For the past few years, Hockenheim and the Nürburgring have agreed to alternate hosting the Formula One German Grand Prix. 2015 should be the Nürburgring's turn, but the new owners don't have a contract with F1, so the grand prix goes to Hockenheim this year instead.
Formula One supremo Bernie Ecclestone told Reuters, as quoted in Autoweek:
It [the German GP] is going to be at Hockenheim, we're in the middle of doing something with them.
It can't be Nurburgring because there's nobody there.
We've got a contract in place [with Hockenheim], we just have to amend the years of the contract. It was alternating with Nurburgring so we'll just take that out.
According to James Allen on F1, Russian pharmaceutical magnate Victor Kharitonin is believed to have purchased a 2/3 stake in the Nürburgring in November, with the rest of the ownership held by GetSpeed, GmbH.
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Unfortunately, it seems as if the new owners didn't remember to work things out with the FIA about hosting F1.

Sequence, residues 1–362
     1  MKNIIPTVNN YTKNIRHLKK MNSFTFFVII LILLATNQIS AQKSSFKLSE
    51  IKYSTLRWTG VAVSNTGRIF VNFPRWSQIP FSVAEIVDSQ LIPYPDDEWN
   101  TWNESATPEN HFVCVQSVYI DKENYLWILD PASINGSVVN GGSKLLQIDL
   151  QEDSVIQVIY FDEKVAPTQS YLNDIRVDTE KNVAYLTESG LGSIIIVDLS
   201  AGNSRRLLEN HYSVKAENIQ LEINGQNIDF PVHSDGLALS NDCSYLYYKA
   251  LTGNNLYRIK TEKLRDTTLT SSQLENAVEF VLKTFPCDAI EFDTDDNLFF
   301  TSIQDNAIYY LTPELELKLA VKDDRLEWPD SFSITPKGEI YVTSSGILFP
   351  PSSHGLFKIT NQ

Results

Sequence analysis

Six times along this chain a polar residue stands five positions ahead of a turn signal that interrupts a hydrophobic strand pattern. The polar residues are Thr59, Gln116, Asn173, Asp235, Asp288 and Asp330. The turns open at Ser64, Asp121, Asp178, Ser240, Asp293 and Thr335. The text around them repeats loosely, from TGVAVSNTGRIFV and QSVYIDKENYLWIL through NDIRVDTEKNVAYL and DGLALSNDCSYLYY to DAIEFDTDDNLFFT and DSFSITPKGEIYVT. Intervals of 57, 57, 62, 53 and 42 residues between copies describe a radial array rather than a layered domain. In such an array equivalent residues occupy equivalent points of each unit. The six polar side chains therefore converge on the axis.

Nürburgring boss Carsten Schumacher emphasized yesterday the importance for the race contract to "remain affordable," and Ecclestone's reponse was apparently to give the race to Hockenheim.
Hockenheim has come under fire recently for low attendance, so it's surprising to see Ecclestone move to keep it there two years in a row so quickly. Or is it?
Part of this move actually sounds like butthurt on Ecclestone's part, as Ecclestone would have liked to purchase the historic circuit at one point. From his remarks to Reuters, as quoted by James Allen on F1:
We wanted to buy the Nürburgring, we made an offer and somebody topped us with a few dollars and bought it. And then they couldn't pay and it went on sale again. I said I'd be interested and then they found somebody else. So I don't know what's happening.
Smells like a case of Ecclestone taking his ball and going home. While the current Grand Prix circuit is a relatively modern addition to the 'ring, it's still sad to see a track with so much history attached to it lose the German Grand Prix.
It's also not a good sign that the new ownership will do any better than the previous ones who've floundered through recent years. Granted, Ecclestone is a hot mess to deal with on a good day, but you'd still think the circuit would tiptoe on eggshells just to make sure the German GP goes off without a hitch.
Don't peel off those "Save the Ring" stickers just yet, folks.
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